The United Nations (UN) Children’s Rights Committee will publish its findings and recommendations, following the reporting by Suriname and other countries, on October 6, 2016. After this, the various institutes can direct children’s policy work taking into account these findings. A delegation led by the Minister of Social Affairs and Housing, Joan Dogojo has in Geneva defended children’s rights policy of Suriname and its implementation. After nine years Suriname reported to the UN Children’s Rights Committee.
During the “73th Session of the Committee on the Rights of the Child”, ‘Suriname during an interactive session by the UN Children’s Rights Committee, examined the situation of children’s rights and the implementation of the CRC. The combined 3rd and 4th country report on children here served as a guide, reports the Ministry of Social Affairs and Housing.
Matters were raised in regards to the government’s policy. These include to education and health care for children in the interior, the situation of children with disabilities in care institutions, child labor, the development of the Law Shelter Organizations and the various mechanisms for a comprehensive child policy.
It is also noted that Suriname should ratify the Optional Protocols annexed to the CRC, in particular, the Protocol of May 25, 2000, which deals with the involvement of children in armed conflicts. The Optional Protocol on Child Trafficking, Child Prostitution and Child Pornography has been ratified. Suriname will prepare a report on this Protocol to the UN Children’s Rights Committee.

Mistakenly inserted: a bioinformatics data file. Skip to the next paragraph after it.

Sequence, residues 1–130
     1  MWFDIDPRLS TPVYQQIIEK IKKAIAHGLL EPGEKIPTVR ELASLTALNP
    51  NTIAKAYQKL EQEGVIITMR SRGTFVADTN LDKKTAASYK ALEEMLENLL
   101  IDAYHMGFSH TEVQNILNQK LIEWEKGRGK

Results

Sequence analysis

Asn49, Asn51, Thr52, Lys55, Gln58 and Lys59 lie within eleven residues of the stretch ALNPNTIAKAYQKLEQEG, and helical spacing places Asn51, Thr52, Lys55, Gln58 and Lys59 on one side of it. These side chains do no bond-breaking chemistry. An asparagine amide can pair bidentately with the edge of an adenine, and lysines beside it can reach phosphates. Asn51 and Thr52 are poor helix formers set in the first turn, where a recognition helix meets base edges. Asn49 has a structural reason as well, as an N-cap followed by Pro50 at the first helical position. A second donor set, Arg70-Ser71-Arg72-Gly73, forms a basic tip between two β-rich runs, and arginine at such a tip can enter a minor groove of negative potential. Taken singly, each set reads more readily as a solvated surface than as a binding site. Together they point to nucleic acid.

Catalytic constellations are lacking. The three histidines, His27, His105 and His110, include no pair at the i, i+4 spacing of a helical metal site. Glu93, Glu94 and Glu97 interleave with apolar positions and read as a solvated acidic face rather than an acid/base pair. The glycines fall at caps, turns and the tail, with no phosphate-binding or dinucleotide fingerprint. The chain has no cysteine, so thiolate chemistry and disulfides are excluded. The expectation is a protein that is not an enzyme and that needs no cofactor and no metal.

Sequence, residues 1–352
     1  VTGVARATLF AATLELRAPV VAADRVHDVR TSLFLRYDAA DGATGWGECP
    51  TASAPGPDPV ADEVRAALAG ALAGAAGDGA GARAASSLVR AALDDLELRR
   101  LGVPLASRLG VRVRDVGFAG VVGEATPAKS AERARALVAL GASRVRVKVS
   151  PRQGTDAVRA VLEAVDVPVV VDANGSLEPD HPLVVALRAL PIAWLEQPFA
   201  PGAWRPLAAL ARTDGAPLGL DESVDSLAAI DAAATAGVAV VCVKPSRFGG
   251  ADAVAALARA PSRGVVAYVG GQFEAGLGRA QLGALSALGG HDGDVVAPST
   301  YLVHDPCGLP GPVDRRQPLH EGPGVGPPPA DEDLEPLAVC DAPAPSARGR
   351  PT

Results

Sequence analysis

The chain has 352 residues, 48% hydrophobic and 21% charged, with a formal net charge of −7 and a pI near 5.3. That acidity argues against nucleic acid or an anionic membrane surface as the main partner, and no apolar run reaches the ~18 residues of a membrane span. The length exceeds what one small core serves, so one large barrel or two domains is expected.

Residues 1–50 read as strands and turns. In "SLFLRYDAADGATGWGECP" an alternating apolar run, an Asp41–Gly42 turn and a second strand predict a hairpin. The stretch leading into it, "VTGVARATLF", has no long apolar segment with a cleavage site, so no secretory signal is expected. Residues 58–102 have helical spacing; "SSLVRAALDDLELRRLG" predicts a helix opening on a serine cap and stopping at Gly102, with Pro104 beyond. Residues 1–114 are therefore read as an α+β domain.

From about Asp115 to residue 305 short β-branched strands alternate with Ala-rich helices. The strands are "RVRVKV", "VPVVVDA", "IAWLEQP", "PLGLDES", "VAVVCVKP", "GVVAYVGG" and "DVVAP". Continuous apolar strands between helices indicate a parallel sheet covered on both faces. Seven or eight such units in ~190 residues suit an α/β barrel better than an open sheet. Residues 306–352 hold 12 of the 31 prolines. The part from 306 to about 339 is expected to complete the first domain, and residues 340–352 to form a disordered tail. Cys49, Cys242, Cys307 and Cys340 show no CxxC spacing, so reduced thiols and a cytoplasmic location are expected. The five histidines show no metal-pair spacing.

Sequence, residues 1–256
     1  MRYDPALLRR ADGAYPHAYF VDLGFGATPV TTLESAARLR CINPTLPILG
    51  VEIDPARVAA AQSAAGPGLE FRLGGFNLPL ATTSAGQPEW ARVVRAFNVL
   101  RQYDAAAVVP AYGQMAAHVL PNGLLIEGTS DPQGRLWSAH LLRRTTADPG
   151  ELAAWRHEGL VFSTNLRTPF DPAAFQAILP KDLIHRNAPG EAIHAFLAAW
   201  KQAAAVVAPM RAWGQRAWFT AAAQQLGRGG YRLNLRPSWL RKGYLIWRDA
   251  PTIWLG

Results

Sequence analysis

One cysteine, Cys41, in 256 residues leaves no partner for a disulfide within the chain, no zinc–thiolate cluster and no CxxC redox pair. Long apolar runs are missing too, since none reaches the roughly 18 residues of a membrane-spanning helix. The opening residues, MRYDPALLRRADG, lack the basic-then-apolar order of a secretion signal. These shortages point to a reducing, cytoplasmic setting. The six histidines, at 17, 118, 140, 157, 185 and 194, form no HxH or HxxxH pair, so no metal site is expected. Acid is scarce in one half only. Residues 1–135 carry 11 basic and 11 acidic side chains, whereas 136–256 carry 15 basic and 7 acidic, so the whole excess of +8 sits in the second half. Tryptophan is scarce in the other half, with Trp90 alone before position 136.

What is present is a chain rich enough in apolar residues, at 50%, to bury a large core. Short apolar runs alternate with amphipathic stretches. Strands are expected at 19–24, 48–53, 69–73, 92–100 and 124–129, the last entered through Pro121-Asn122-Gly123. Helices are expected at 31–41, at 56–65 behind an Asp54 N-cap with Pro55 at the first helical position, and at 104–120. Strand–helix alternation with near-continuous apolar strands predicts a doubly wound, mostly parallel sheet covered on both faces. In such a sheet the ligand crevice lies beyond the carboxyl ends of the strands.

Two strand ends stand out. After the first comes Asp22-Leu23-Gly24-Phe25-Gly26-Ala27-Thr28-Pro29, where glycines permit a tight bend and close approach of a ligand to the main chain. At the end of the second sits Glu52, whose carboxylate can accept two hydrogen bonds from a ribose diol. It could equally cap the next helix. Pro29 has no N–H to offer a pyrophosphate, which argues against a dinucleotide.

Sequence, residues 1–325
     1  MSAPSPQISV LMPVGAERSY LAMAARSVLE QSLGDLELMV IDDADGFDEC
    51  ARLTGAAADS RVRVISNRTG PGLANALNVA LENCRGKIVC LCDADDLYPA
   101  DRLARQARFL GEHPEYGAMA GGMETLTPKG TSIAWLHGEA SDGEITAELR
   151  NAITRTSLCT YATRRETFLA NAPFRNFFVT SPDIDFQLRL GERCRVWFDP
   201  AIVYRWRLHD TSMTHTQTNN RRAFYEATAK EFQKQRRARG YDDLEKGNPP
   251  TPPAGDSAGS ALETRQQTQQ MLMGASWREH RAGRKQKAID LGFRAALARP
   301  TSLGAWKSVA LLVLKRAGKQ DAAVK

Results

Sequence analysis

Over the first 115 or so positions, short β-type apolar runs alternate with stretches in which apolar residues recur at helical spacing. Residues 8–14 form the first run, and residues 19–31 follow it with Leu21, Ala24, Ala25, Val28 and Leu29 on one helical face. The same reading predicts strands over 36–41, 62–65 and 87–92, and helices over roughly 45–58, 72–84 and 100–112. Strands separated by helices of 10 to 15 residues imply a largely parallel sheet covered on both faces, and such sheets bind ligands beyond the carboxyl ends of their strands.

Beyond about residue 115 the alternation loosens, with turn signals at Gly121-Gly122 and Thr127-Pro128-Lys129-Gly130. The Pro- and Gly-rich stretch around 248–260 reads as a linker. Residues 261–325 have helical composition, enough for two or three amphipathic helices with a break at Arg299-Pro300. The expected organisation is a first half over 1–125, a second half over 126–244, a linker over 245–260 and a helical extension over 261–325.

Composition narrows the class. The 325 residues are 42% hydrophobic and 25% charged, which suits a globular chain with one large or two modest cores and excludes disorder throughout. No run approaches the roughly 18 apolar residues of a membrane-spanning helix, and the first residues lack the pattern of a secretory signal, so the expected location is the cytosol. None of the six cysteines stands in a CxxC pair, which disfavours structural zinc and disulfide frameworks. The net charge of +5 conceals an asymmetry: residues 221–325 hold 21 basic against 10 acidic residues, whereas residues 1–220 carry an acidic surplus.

Like the other 195 countries that are party to the CRC, Suriname has the obligation to report periodically to the UN Children’s Rights Committee. Suriname is since 1993 party to the CRC. In 2007, Suriname last reported to the UN Children’s Rights Committee.
The UN Children’s Rights Committee is composed of eighteen independent experts charged with monitoring the implementation of the CRC by all States Parties. In addition, this committee is charged with monitoring the implementation of the Optional Protocols annexed to the Children’s Rights Convention by the States Parties.
In addition to country reports, shadow reports from NGOs are included in discussions with the party states.
The delegation consisted of Lilian Ferrier, Chairman of the Presidential Task Force Integrated Children and Youth Policy, Clyde Soetodirijo, acting Head Office Rights of the Child, Rebekah Brown Kortram, and acting Head Office and Shelter Organisations Meryll Malone of the Ministry of Foreign Affairs.